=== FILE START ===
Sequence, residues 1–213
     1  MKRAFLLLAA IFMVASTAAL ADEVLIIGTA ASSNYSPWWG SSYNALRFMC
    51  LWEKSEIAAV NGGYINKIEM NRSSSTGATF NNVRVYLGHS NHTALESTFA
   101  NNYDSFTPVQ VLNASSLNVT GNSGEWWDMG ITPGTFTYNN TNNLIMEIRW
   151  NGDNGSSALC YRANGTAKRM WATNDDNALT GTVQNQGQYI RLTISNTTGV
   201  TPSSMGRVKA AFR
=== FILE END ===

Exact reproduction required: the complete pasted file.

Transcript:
Sequence, residues 1–213
     1  MKRAFLLLAA IFMVASTAAL ADEVLIIGTA ASSNYSPWWG SSYNALRFMC
    51  LWEKSEIAAV NGGYINKIEM NRSSSTGATF NNVRVYLGHS NHTALESTFA
   101  NNYDSFTPVQ VLNASSLNVT GNSGEWWDMG ITPGTFTYNN TNNLIMEIRW
   151  NGDNGSSALC YRANGTAKRM WATNDDNALT GTVQNQGQYI RLTISNTTGV
   201  TPSSMGRVKA AFR